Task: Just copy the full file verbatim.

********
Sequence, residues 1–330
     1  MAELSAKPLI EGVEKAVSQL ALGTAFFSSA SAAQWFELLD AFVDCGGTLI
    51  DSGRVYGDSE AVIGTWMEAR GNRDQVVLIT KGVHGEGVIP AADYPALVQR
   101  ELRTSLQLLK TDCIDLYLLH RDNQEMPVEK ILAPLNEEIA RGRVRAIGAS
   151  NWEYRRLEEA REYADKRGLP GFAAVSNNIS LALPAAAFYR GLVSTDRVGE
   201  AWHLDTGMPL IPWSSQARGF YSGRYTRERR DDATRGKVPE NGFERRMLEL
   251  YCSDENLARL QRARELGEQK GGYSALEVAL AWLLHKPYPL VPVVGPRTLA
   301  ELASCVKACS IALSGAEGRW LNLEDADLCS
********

Sequence, residues 1–330
     1  MAELSAKPLI EGVEKAVSQL ALGTAFFSSA SAAQWFELLD AFVDCGGTLI
    51  DSGRVYGDSE AVIGTWMEAR GNRDQVVLIT KGVHGEGVIP AADYPALVQR
   101  ELRTSLQLLK TDCIDLYLLH RDNQEMPVEK ILAPLNEEIA RGRVRAIGAS
   151  NWEYRRLEEA REYADKRGLP GFAAVSNNIS LALPAAAFYR GLVSTDRVGE
   201  AWHLDTGMPL IPWSSQARGF YSGRYTRERR DDATRGKVPE NGFERRMLEL
   251  YCSDENLARL QRARELGEQK GGYSALEVAL AWLLHKPYPL VPVVGPRTLA
   301  ELASCVKACS IALSGAEGRW LNLEDADLCS